The American Geosciences Institute (AGI) has selected ASU’s School of Earth and Space Exploration Ph.D. candidate Mary Schultz for the prestigious 2017-2018 William L. Fisher Congressional Geoscience Fellowship.
Schultz will begin her Fellowship in Washington, D.C. in September after earning her Ph.D. in geological sciences from the School of Earth and Space Exploration (SESE) later this month.
Schultz's doctoral research focuses on understanding the past 20-million-year climatic and tectonic evolution of the Mount Everest region in the central Himalayan Mountains using a combination of fieldwork, thermochronological dating of minerals, and numerical modeling methods.
“In today’s political climate, it is more important than ever to ensure that our government representatives receive factual scientific input on a wide variety of policy topics to help inform their decision making,” says SESE’s Kip Hodges, Schultz’s doctoral committee chair. “Programs such as the AGI William L. Fisher Congressional Science Fellowship are vital to these efforts, and I am very pleased that they have chosen Mary as this year’s Fellow. She will represent ASU and the Earth sciences well in this capacity.”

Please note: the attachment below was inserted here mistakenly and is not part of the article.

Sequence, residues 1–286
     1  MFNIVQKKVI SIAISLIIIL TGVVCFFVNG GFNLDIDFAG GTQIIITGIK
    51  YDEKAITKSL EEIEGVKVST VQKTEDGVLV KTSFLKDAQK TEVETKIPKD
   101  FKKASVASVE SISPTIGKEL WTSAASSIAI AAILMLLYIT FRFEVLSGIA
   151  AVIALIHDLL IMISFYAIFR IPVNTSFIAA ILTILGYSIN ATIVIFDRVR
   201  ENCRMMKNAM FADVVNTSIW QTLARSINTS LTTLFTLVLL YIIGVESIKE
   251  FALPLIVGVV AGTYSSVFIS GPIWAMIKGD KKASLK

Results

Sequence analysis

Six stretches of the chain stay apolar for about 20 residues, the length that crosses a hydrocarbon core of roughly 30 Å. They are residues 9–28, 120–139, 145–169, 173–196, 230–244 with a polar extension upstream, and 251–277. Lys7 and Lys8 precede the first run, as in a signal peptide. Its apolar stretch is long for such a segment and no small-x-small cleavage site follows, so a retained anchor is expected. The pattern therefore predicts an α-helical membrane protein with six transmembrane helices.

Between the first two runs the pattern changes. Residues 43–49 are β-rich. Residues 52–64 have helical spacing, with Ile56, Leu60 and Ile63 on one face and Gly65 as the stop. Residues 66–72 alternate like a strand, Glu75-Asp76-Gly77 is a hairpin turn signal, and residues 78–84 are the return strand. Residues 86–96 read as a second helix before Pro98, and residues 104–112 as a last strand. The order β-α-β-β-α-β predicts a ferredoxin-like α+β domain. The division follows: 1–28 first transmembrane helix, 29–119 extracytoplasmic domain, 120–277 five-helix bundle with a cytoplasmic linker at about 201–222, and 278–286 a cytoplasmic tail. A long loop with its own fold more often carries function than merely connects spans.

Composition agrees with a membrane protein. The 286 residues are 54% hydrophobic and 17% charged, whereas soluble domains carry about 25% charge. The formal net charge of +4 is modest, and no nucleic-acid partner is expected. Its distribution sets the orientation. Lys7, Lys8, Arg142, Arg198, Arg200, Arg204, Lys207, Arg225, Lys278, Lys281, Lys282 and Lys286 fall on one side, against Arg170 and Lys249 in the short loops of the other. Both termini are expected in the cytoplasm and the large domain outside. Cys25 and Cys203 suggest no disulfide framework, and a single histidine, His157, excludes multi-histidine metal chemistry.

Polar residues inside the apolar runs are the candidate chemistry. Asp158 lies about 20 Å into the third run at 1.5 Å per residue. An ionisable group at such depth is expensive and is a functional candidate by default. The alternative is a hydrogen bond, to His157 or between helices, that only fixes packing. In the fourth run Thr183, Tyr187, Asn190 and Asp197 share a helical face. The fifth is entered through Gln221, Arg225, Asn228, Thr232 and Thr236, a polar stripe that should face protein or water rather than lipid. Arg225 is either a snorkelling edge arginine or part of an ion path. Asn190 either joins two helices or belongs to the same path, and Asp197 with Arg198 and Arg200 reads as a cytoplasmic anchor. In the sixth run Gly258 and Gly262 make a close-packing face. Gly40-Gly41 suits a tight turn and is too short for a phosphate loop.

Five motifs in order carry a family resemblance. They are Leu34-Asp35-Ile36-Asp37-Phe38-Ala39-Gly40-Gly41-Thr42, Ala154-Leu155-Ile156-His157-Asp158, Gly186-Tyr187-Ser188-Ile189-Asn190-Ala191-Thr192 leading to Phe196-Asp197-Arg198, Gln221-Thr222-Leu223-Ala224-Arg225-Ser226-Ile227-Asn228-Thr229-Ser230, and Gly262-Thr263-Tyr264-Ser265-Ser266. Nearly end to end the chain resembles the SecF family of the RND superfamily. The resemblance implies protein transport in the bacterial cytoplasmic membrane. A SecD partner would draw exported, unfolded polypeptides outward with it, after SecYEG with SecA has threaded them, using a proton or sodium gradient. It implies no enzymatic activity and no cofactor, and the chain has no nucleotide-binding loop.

With an avid passion for public engagement and teaching, Schultz has participated in various science outreach events offered at ASU and recently embraced the opportunity to co-teach an introductory geology course for high school students in the Phoenix area.
According to AGI Executive Director Allyson Anderson Book, Schultz's application stood out in a field of exceptional candidates: "Beyond her demonstrated scientific expertise, Mary showed a genuine concern for American workers who are navigating an unfamiliar energy landscape. Her brand of compassionate, societally-relevant science is the foundation of good policy-making."
The William L. Fisher Congressional Geoscience Fellowship offers geoscientists the unique opportunity to spend 12 months in Washington, D.C., working as a staff member in the office of a member of Congress or with a congressional committee. Every year, the AGI Fellow joins more than two dozen other scientists and engineers for an intensive orientation program on the legislative and executive branches, organized by the American Association for the Advancement of Science (AAAS), which also guides the placement process and provides educational and collegial programs throughout the year.